There is, however, considerable scope for expanding the use of digital payments in India. Last year, we had embarked on a mission to make every person in India a user of digital payments - "Har Payment Digital". It was aimed at reinforcing the ease and convenience of digital payments and thereby facilitate onboarding of new consumers into the digital fold. Since the start of the mission in March 2023, the number of new UPI users added has been 6.65 crore between March 1, 2023 to January 31, 2024. The Reserve Bank's Payments Infrastructure Development Fund (PIDF) has also further aided this growth, with additional deployment of over 1.2 crore digital payment touch points.

Trust in digital payments is built on the pillars of transparency, ease of use and above all, security. Hence, reinforcing the notion of safety and security of the system is very important. With today's message of – "Digital Payment, Safe Payment" – "Digital Payment, Surakshit Payment", we are aiming to create awareness around safety and security of Digital Payments. The goal is to reach out and empower every individual with the knowledge and tools necessary to navigate this digital payments landscape with confidence and ease.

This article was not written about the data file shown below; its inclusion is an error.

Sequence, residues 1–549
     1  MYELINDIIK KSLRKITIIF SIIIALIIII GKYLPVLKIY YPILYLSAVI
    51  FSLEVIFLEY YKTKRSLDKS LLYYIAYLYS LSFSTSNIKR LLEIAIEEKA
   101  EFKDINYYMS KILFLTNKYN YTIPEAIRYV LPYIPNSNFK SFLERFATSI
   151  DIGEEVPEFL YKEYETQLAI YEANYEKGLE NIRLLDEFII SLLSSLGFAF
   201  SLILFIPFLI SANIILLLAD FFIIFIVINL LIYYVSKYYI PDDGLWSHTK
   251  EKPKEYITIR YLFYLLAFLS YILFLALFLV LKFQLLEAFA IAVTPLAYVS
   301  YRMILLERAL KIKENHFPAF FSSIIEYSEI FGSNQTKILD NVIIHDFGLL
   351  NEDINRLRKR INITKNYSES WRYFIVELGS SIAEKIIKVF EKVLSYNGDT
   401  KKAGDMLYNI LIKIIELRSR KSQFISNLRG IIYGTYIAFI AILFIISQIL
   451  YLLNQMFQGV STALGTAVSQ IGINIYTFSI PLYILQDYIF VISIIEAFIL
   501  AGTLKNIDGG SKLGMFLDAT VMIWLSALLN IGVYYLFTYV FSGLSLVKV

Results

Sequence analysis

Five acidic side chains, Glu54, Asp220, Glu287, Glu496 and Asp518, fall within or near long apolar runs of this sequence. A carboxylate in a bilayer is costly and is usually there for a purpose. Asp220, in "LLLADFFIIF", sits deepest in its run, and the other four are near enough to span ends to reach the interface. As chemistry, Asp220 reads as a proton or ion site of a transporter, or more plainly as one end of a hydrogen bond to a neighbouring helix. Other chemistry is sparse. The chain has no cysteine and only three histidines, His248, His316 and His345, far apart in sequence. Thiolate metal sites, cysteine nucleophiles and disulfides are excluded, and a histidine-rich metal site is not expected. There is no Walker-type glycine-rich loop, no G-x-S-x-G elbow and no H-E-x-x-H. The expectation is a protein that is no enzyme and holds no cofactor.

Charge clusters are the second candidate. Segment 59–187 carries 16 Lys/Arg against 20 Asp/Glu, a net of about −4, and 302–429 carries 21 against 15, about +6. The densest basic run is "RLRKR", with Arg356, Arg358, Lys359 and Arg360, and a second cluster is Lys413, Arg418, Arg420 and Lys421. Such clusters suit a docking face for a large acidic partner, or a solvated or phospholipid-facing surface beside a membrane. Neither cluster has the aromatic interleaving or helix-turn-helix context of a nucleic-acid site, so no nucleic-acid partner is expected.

Currently, the Reserve Bank, through its regional offices, conducts Electronic Banking Awareness and Training (e-BAAT) programmes across the country. The main thrust of e-BAAT programme comprises of:

  1. Awareness about Digital Payment Products;
  2. Awareness about Frauds and Risk Mitigation; and
  3. Awareness about redress of grievances.

In addition, the Reserve Bank conducts 360-degree, multimedia and platform based public awareness campaigns under the tag of 'RBI Says' or 'RBI Kehta Hai'. Going forward, all the regional offices of the Reserve Bank will start regional campaigns to develop marketplaces like vegetable markets / mandis and public transport infrastructure like auto/ taxi drivers as digitally enabled clusters in their chosen areas.

Historically, the Reserve Bank has been a trendsetter in ensuring security of digital payment transactions. We were one of the first countries to fully adopt additional factor of authentication (AFA). Since then a host of measures such as EMV3 Chip and PIN based cards; transaction alerts; facility to switch on and off and set or modify transaction limits for all types of transactions; tokenisation of cards; restrictions on storage of actual card data; localisation of payments data etc., have been implemented to enhance the security of digital payments.